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As a VAT-registered business, you act as an unpaid tax collector for HM Revenue and Customs (HMRC). It is imperative that your account for all the tax revenue collected promptly and accurately. Failure to comply with the VAT regulations can result in severe financial penalties imposed by HMRC. Ignorance of the VAT rules is not an acceptable excuse for non-compliance.

To ensure you adhere to the VAT regulations, we provide guidance on the key areas that you must consider when running your business. These include, but are not limited to, registering for VAT, maintaining accurate records, charging the correct VAT rate, submitting VAT returns on time, and reclaiming VAT.

It is crucial to seek professional advice specific to your business circumstances. Our team of experts can help you navigate the complexities of VAT regulations and provide tailored guidance to ensure your business remains compliant.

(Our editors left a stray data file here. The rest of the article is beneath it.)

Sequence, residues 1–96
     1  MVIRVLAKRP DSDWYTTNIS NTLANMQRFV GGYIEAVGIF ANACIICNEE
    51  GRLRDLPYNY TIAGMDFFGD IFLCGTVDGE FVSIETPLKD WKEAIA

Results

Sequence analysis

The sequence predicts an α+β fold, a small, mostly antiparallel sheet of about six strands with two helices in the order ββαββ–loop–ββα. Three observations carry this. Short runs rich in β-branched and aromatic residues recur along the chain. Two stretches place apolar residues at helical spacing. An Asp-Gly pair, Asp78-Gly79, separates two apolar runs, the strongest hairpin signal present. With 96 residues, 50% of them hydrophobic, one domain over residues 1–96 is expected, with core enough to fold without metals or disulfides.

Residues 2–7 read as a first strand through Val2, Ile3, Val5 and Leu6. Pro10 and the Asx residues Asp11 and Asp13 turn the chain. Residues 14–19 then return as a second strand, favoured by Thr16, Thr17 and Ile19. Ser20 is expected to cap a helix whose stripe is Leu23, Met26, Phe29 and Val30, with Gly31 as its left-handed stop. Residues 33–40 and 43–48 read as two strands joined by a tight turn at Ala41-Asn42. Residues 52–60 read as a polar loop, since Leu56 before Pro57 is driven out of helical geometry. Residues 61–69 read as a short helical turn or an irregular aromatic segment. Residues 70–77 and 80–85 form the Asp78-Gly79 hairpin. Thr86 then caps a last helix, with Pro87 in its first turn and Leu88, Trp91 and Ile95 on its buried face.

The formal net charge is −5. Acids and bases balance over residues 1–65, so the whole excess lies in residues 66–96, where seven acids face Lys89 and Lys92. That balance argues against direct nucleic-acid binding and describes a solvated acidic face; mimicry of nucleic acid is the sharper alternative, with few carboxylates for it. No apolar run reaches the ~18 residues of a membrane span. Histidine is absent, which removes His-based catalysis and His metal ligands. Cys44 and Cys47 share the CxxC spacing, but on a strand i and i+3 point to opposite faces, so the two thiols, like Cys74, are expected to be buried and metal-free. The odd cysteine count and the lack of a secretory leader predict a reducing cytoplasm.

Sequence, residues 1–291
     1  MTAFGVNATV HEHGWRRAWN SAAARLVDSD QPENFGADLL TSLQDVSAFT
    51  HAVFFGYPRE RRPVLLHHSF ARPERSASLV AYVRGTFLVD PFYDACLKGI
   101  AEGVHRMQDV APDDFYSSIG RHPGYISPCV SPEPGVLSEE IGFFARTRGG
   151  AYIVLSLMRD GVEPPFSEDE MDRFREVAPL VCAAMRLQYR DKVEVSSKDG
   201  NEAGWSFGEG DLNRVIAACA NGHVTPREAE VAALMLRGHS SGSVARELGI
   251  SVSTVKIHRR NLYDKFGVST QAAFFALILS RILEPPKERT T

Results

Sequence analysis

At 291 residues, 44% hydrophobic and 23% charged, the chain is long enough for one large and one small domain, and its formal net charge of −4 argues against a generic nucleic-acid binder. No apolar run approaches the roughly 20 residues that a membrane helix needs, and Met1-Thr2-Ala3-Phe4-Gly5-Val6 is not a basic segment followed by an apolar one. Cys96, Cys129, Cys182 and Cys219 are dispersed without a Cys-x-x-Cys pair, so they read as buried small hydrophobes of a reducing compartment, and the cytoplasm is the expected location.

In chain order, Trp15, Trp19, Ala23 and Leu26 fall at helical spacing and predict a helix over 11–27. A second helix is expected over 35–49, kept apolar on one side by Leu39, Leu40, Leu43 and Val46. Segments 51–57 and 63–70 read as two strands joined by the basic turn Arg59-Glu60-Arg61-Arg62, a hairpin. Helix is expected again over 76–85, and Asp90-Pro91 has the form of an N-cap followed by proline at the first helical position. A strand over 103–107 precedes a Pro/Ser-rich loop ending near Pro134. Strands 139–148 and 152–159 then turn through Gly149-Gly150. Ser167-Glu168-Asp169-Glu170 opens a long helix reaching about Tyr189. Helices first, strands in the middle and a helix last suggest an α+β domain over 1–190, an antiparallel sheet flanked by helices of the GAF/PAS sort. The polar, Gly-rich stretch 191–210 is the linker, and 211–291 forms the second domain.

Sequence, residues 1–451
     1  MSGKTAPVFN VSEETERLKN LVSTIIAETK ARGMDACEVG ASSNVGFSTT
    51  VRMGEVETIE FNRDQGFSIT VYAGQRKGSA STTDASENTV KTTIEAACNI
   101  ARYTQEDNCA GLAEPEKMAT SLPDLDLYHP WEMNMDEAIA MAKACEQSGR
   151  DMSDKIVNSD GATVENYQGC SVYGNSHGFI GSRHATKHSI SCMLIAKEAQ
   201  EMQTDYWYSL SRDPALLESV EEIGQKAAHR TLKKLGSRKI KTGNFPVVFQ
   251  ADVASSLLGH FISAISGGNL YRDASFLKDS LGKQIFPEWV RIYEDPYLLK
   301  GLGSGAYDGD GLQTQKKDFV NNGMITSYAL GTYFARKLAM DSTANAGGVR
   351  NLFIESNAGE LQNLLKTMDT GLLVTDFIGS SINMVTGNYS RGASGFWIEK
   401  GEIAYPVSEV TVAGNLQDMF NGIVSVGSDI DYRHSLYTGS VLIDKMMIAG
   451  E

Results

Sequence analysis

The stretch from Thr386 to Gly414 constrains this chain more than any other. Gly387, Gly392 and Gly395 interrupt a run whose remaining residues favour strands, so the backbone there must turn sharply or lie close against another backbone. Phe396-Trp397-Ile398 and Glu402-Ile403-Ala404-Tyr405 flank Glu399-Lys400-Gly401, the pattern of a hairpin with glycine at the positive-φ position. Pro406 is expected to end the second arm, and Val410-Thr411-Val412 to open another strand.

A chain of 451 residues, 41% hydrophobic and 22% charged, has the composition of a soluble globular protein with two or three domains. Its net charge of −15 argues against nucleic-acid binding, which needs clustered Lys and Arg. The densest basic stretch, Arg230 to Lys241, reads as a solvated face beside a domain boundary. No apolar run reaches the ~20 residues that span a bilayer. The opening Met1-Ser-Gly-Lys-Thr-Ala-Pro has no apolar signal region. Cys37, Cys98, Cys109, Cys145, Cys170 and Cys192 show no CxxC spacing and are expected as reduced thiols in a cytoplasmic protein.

In order for a transaction to fall within the scope of VAT, several conditions must be met.

Firstly, the transaction must involve the supply of goods or services. Additionally, it must have taken place within the United Kingdom and have been made by a taxable person. Finally, the transaction must have been conducted in the course or furtherance of a business. It is important for businesses to carefully consider these criteria to ensure that they are in compliance with VAT regulations.


In the context of business transactions, VAT is levied on both the sales of goods or services, known as outputs, as well as on the majority of goods and services purchased by the business, known as inputs. The VAT charged on outputs is collected from the customer by the business and must be remitted to HMRC in a timely manner.